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    Re: History of The Air Almanac
    From: Jeremy C
    Date: 2010 Nov 25, 03:42 EST
    This is all speculation Frank, but why does the Navy still spend the massive amount of resources to distribute pallets worth of paper charts to the far flung ports of the world if they could easily make it all digital and send CD-ROM's (which they also do)?  Is tradition THAT strong?
    We can endlessly list doomsday scenarios, but I for one will always feel more comfortable if I can at least have the following on the bridge: Magnetic compass, paper chart (even if it's a plotting sheet), dividers and a pair of triangles, bearing circle, sextant, NA, HO 229, and a battery operated chronometer/wristwatch.  I can get us anywhere with those tools.
    In a message dated 11/24/2010 11:24:27 A.M. Central Asia Standard Ti, FrankReed@HistoricalAtlas.com writes:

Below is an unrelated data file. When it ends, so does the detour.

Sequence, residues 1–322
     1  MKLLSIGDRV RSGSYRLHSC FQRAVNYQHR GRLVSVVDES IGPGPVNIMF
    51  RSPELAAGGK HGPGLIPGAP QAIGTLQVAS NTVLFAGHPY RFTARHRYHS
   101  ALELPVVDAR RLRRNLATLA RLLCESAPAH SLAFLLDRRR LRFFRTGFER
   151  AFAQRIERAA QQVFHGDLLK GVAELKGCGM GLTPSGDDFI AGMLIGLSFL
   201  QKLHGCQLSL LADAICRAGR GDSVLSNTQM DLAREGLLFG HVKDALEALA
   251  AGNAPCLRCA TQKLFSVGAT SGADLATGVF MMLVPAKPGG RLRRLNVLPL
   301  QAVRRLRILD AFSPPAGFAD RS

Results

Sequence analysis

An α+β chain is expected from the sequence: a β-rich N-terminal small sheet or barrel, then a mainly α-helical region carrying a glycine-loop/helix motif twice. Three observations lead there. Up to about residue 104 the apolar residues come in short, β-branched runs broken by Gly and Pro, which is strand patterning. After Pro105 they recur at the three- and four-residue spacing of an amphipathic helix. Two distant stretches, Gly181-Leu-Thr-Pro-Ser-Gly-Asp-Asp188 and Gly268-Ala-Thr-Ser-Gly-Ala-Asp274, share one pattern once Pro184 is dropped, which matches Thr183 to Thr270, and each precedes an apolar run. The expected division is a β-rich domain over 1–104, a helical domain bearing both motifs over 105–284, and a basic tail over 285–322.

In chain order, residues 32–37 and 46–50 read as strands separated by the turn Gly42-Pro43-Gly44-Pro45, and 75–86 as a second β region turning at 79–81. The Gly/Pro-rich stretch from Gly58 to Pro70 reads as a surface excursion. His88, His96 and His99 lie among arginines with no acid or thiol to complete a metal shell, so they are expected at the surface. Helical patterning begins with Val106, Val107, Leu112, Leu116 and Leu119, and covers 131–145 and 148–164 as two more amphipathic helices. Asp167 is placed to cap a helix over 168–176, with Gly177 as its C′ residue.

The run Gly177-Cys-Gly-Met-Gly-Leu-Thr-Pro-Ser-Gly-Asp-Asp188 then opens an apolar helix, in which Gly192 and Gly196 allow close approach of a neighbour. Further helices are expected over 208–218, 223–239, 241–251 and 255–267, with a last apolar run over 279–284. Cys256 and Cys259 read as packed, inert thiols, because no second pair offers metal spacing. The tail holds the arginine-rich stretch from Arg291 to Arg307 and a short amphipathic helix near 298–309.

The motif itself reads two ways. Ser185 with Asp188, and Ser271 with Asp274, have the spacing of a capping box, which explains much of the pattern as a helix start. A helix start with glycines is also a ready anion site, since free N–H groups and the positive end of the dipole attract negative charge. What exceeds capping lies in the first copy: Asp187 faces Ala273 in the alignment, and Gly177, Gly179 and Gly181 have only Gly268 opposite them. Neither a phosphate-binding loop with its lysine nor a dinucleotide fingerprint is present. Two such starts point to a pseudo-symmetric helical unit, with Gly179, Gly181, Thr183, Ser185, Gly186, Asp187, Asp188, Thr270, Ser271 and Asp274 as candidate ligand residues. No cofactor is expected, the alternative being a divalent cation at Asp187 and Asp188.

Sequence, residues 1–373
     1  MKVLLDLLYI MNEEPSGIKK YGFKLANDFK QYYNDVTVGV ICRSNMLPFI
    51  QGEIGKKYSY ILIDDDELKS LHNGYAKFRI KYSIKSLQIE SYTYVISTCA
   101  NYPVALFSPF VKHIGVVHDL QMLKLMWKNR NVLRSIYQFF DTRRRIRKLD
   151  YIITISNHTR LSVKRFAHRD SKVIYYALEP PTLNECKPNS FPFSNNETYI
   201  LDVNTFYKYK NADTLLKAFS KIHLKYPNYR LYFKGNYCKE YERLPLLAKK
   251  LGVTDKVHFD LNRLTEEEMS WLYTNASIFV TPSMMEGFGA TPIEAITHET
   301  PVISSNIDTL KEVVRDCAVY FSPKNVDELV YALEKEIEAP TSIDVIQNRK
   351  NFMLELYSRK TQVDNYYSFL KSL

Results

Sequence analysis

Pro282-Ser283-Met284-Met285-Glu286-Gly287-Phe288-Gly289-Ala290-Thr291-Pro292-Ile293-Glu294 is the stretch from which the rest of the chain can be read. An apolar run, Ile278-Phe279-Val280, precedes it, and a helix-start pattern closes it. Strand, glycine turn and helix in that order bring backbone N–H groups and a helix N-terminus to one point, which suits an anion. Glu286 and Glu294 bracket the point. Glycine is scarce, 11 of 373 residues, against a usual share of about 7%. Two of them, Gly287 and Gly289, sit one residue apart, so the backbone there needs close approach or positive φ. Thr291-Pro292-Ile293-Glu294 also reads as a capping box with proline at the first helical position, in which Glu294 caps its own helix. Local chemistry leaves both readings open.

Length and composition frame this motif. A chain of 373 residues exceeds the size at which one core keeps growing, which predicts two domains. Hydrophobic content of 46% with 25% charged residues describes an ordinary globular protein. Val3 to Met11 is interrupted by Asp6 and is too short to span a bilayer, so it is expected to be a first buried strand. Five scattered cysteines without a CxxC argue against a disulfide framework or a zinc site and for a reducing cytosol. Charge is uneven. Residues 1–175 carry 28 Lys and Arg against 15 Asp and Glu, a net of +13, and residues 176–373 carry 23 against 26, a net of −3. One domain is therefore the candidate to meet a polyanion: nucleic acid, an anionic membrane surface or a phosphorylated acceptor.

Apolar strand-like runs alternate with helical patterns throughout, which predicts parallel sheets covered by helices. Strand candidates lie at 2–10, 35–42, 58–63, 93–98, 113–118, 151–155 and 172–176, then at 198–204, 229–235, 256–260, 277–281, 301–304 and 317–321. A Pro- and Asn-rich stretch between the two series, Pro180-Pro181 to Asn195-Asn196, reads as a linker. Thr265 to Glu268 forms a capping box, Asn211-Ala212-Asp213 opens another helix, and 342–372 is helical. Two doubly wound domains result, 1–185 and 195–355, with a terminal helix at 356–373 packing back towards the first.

Jeremy, you wrote:
    " The reason for this is the USN will probably never go 100% digital due to vulnerability during war."

    I really don't buy this. It's too similar to old arguments from the latter half of the nineteenth century saying that navies would never give up lunars because chronometers could be deranged by concussions from naval artillery. Also, celestial is not even close to a real backup for the sort of position-finding provided by GPS and other GNSS systems. The accuracy of (non-digital, non-electronic) celestial is much lower, fixes are few and far between, and it's useless under clouds. The vulnerability of GPS in war is, however, a guarantee that other high-accuracy navigation systems will be (are being) fielded. Celestial navigation will always have SOME place in the navigator's set of tools, as a backup for the backup for the first-line backup to the primary positioning system, whether a GNSS system or something else.


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